One of the keys to unlocking Metro Vancouver's housing affordability crisis is a focus on building more space for middle class families, the Greater Vancouver Board of Trade says.

In a report issued this month, the board offered up seven suggestions for how the region could improve its "D" grade in affordability and economic competitiveness.

The low score was handed down by the board as part of an annual assessment of Metro Vancouver's economic health. The scorecard highlights key issues like transit infrastructure, education and tax rates, then includes suggestions on where the board should focus its public policy efforts for the year.

The scorecard defines housing affordability as a measure of housing costs relative to income. In this case, the high cost of living in the Vancouver area means residents need to earn more to get by, but wages cannot sufficiently support the high cost of housing.

The most recent report ranked Vancouver as 15th out of 17 jurisdictions looked at by the board. Vancouver fell between Sydney, Australia, and Shanghai. Hong Kong was in last place, while Houston was in first in terms of housing affordability.

Scorecard 2016

The board blames a combination of high demand, inadequate volume and a lack of diversity of housing types for the city's soaring house prices for both buyers and renters.

It warns that unaffordability may be a disincentive for some businesses to move to Vancouver or expand operations in the area.

The report makes seven suggestions for how to improve the low grade, including collecting data on development processes and pre-zoning areas before housing development to adequately support transit routes. Details on the suggestions are available in its 19-page report.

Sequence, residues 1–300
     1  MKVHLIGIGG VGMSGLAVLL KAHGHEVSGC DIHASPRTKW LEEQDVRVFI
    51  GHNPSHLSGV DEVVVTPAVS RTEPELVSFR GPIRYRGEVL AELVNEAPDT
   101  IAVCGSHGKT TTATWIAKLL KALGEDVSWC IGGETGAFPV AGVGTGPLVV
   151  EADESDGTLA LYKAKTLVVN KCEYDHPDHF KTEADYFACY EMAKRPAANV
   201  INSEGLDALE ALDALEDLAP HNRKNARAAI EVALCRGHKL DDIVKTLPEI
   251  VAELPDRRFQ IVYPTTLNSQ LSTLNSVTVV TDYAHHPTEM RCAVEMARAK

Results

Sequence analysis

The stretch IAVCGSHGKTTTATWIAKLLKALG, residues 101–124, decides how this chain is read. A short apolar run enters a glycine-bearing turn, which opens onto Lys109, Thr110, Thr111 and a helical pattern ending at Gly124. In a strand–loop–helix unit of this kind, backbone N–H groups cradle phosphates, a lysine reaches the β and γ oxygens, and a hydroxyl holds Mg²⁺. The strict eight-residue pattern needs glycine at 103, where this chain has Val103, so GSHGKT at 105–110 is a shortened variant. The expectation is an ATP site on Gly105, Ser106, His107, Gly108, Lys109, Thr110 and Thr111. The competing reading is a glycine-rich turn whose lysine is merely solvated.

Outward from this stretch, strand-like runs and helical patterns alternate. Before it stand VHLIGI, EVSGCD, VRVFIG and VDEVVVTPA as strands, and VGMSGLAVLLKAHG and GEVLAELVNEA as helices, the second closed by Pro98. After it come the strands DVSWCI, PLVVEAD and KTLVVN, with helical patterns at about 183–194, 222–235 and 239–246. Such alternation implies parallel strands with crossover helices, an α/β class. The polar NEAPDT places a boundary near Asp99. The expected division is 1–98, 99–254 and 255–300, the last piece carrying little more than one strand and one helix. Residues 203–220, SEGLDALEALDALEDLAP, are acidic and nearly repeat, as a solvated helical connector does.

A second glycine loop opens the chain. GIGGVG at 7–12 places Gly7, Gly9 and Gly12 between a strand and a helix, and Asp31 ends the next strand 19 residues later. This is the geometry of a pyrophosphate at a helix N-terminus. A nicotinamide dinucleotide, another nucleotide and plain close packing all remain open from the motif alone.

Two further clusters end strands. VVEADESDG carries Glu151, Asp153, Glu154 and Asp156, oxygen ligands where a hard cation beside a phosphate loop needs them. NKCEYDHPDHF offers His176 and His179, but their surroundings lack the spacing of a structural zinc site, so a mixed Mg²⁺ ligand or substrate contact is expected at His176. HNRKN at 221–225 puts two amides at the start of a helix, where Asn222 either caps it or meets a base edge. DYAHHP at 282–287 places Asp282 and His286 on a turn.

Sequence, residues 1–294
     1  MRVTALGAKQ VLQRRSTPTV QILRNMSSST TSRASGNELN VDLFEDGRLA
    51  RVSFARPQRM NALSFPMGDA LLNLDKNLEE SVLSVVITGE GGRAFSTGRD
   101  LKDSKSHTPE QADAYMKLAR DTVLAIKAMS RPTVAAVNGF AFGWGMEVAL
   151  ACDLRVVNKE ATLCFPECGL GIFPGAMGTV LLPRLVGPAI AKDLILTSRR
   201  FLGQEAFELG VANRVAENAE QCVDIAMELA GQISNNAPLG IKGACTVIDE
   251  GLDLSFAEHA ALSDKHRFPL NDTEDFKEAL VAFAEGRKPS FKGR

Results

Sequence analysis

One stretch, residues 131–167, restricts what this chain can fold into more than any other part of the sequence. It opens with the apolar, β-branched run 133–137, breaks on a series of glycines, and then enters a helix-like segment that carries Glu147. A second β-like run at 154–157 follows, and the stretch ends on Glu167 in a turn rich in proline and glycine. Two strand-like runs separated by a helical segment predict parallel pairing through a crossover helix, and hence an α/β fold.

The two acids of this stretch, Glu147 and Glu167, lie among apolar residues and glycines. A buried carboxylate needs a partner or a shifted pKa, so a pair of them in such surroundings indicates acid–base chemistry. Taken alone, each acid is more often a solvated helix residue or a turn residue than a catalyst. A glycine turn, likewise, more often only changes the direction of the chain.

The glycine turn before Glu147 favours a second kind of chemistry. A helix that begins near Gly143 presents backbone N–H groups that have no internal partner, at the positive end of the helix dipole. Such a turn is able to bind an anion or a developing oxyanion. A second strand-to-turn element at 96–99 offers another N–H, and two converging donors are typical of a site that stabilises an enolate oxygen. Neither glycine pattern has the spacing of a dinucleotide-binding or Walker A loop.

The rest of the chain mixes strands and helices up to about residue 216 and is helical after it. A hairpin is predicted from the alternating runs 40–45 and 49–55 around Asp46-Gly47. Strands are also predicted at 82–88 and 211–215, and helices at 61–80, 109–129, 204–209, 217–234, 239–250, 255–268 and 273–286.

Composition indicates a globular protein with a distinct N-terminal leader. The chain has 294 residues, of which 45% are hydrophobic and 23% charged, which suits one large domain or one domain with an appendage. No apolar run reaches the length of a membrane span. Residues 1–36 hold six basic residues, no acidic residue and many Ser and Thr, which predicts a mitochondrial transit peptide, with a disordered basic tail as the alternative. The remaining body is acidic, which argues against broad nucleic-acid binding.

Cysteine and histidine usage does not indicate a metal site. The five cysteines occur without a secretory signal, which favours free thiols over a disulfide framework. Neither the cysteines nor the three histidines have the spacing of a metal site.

One of the largest issues facing Vancouver residents, and therefore the report's top suggestion for ways to improve, is the fact that the middle class has been priced out of the market.

Titled "The Missing Middle," a section of the report suggests developers and planners base housing plans specifically on the middle class.

The board said the majority of current housing options in the city and environs are detached single family homes – which are unaffordable to those in the middle – and small condos that can't support growing families.

It suggests a focus on different housing options, like duplexes, triplexes, courtyard apartments, townhouses, laneway houses and secondary suites in single-family homes.

"Greater Vancouver struggles to attract people between the ages of 25 and 34, a highly desirable and productive demographic, that is also the demographic that tends to start families," the report said.

Recent data from Generation Squeeze -- a national campaign lobbying politicians based on issues facing Canadians in their 20s, 30s and 40s -- suggests it could take the average person in that age group 12 years to save enough to make a 20 per cent downpayment on the average Vancouver home.

The hope is that young adults will be drawn to Metro Vancouver if they can afford to live in accessible neighbourhoods, in affordable housing with room to raise a family.

It recommends local governments increase incentives to build denser family housing styles, options that support more people in walkable neighbourhoods that are accessible by transit. More information on the "Missing Middle" is available online.